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Tywin Lannister and Olenna Tyrell steal the show with their exquisite negotiation as "The Climb" builds towards the Wildlings' death-defying scaling of The Wall.
This episode is heavy on the interpersonal exchanges, scheming and plotting that "Game of Thrones" does so well, this time tinged with even more of an air of desperation and terror, not to mention a heavy dose of psychotic sadism.
From the good versus evil magic to Theon and Edmure paying heavy debts for past crimes to the final scene (clouds parting, sun shining, Littlefinger's heavy-handed sermon), it all just felt a bit plodding.
Last night's installment offered a rare chance for viewers to catch their breath. Having summited the treacherous surface of the season's first half, we can now make like Jon and Ygritte and look back at where we came from.
Two minutes of an ominous speech played over a montage of semi-related images does not make up for the slog of the previous hour.
Way to go, show: you've got this huge, multifaceted symbol to work with, but in the end it still all comes down to "wow, we are really, really high up, and we're both really attractive; let's make out and pretend we're on the cover of a romance novel."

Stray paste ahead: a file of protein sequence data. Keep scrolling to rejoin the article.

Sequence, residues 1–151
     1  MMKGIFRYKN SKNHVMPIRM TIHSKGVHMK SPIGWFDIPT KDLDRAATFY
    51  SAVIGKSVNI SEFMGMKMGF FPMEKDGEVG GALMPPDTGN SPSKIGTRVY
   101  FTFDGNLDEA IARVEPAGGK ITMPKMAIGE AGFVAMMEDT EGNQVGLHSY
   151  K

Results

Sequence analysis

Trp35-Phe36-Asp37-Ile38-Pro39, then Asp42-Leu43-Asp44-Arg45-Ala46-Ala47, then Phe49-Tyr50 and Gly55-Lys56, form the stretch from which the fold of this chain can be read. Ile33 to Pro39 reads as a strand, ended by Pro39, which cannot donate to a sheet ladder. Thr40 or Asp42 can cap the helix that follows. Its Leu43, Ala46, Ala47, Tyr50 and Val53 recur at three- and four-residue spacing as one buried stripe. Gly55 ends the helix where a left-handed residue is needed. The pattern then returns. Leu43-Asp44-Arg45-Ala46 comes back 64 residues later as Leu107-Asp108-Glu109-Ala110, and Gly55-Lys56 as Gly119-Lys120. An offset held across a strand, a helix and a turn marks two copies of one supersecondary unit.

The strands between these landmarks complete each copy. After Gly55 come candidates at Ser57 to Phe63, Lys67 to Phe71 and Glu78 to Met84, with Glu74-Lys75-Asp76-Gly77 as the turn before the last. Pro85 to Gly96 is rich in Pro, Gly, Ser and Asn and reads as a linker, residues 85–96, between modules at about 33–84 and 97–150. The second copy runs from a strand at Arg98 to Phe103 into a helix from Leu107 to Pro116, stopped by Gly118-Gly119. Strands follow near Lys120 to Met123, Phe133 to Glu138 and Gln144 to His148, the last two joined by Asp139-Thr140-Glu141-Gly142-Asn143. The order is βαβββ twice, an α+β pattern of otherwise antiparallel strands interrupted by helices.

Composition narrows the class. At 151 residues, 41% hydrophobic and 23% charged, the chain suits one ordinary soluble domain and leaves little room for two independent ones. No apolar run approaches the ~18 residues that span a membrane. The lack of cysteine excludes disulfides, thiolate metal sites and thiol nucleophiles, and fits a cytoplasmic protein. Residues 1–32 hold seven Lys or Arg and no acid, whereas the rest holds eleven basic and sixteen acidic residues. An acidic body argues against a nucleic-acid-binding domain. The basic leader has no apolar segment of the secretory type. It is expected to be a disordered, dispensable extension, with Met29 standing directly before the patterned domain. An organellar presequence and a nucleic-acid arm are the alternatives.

Similar to last week's installment, this episode is heavy on the interpersonal exchanges, scheming and plotting that "Game of Thrones" does so well, this time tinged with even more of an air of desperation and terror.
[It] was perhaps not the show's most exciting hour, yet it was one of the more emotionally affecting and powerful ones.
If anyone had any doubt, Littlefinger and Joffrey are utter monsters.
More setup and machinations this week on Game of Thrones, with a few really great little scenes slipped in between the big reveals that should start paying dividends immediately.
Overall I thought this episode, while good, wasn't quite so great as the two that came before it. But there were some highlights. And one really, really glaring lowlight.
It may have been relatively tamer, but the episode-ending kiss had substance to it, giving Jon Snow the love scene millions of Kit Harrington fangirls deserve.
After starting off as little more than a source of boobs and a character wholly created for the show, Ros became a much more powerful player and important part of the whispers. It's a shame she didn't get that respect she deserved.